Mines in the most remote parts of Australia represent some of the harshest, most demanding workplaces on earth. With drilling equipment used at almost every stage of a mine’s operations, compressed air becomes the essential driver of operations and consistent supply provided by reliable air compressors is critical.
The internal compressor and the air end within it become the hardest working piece of equipment on site. Every screw compressor is fundamentally dependent on the air end for its primary function, which represents a situation of extraordinary risk, given the high stakes.
While air compressors can be monitored thanks to a manufacturer determined life cycle (and good record keeping), this is rarely the case with air ends. The first indication of an issue with an air end – even slight deterioration – will be impaired compressor function. Every metre of drilling comes at a cost and just minutes of downtime can result in eye watering losses. Quentin Sanders, Leading Hand Air End Technician for Sullair Australia explains. “With an air end there’s no set hours as to how often they should be changed out. Certain companies will change out at 12 to 15,000 hours, as an industry standard, but the rotating components, bearings and so on only have a certain shelf life. No manufacturer can put a lifespan on that because each compressor is different, as is the quality of servicing, the impact of foreign bodies and oil degradation.”
Support that provides fast and customised solutions is essential, which is what makes Sullair’s Air End Exchange Program so vital to the Australian market.
The exchange process is fairly straightforward, and by design provides an agile and efficient response to dealing with faulty air ends – through repair, customisation or replacement.
Gareth Spencer is Sullair’s Regional Sales Manager for WA, SA and the NT – challenging locations, where being responsive to air end faults is particularly crucial. “When an air end isn’t working as well as it should, it can be brought into an air end centre, be repaired or exchanged for one that’s already been repaired or had replacement parts fitted, then we take the faulty air end and rebuild it internally”.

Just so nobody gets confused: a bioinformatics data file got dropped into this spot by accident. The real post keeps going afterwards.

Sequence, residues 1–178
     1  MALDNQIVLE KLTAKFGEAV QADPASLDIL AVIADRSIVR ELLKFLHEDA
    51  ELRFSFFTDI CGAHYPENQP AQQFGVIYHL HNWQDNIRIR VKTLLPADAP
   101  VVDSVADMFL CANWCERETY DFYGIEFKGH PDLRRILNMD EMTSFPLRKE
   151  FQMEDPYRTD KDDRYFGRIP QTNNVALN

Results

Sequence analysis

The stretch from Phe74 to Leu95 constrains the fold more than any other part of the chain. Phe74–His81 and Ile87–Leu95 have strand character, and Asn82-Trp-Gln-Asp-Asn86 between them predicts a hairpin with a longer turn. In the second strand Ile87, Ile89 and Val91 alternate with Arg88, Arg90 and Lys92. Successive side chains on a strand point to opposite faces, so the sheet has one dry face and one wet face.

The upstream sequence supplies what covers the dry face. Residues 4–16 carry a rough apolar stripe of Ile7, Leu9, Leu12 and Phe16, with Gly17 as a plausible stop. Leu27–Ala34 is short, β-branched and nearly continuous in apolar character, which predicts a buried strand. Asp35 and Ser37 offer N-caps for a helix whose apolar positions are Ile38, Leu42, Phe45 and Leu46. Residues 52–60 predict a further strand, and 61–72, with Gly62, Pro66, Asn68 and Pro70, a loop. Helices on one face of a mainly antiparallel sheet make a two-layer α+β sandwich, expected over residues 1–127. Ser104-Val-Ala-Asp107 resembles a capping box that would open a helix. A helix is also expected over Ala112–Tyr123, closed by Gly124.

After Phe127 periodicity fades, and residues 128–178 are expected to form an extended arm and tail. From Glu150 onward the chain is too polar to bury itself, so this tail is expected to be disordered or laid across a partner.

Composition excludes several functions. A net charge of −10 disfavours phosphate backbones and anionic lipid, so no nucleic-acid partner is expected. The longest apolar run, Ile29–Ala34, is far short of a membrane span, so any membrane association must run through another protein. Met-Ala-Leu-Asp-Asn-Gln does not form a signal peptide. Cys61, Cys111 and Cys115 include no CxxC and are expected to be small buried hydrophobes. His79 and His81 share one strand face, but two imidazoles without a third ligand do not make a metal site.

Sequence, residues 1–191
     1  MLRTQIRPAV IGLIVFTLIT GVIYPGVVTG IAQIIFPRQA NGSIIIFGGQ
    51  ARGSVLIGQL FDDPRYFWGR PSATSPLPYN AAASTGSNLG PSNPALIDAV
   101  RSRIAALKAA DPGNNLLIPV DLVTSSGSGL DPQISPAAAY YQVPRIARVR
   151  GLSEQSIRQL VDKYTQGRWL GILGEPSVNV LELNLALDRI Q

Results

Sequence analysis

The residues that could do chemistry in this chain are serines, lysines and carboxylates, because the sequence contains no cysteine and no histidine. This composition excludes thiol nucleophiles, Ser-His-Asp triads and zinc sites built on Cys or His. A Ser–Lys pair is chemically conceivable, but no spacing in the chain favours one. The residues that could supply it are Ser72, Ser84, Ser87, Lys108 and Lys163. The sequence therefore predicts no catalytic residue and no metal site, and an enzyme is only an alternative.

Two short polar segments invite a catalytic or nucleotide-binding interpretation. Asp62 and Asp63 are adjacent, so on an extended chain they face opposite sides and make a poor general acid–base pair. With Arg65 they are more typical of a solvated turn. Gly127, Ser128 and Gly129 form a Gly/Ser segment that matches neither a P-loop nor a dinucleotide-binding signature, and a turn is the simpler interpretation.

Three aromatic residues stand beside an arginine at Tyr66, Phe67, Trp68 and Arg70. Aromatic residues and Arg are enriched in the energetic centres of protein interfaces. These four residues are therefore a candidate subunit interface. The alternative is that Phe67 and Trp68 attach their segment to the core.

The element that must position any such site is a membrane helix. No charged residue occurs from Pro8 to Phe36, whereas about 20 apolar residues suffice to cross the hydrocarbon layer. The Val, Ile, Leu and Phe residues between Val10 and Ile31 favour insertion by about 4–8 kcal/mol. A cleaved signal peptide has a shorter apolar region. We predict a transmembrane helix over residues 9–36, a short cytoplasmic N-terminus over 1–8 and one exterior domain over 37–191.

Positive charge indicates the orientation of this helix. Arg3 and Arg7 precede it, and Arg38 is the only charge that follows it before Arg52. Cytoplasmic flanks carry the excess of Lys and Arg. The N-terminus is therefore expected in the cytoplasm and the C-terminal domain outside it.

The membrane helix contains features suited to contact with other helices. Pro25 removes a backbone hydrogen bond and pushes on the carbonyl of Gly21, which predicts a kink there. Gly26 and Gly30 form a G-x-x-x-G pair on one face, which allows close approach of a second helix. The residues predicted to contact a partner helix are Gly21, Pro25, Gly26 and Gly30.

Decisions are made on a case by case basis, with the ideal solution implemented, based on what stage of drilling the compressor is functioning at, and what shape the part itself is in. A customisation that increases pressure but reduces flow, or vice versa may be all that’s required. Alternatively, the long game becomes the priority and a new part that offers thousands of hours extension to life is the most compelling solution.
Gareth explains how these decisions are made. “There’s two stages to air end function – the low-pressure stage and the high-pressure stage. The latter is where all the real hard work is done, so when it’s working with pressures between 350psi up to 500, we’d replace a part for a new one, rather than repair”. That 2nd hand part can then be repaired and resold.
Having parts on hand ensures problems are solved quickly with genuine expertise. Across Sullair’s four regional centres, in Melbourne, Newcastle, Mackay and Canningvale, a deep knowledge of the local context ensures air end issues can be dealt with thoroughly and efficiently.
“Sullair compressors are synonymous with the environment,” says Quentin. “They will continue to work in extremely harsh conditions – 50+ degree days, running flat stick, drilling down for metres and metres, on a site that’s hundreds of kilometres from the next town”.”
Working in such high-risk environments necessitates highly skilled staff, and Sullair supports all of its customer base with training and technical guidance as standard. With technicians in all of Sullair’s regional facilities responding to driller questions as part of day to day operations – intel is part of the service. The provision of technical expertise and support puts preventative maintenance practices in place on sites, enabling everyone to implement solutions that ensure the utmost safety measures are in place and seamless production cycles are sustained. From a health and safety perspective, further training is also of particular importance. In recent years, Sullair has established a strong reputation for its comprehensive on site training delivery.
“The training side is really beneficial,” explains Quentin. “Because the guys on site understand how imperative it is to know the equipment. They’ll buy equipment and spare parts from us and we make sure they have the knowledge to maintain their gear, plus they’re then encouraged to use genuine parts”.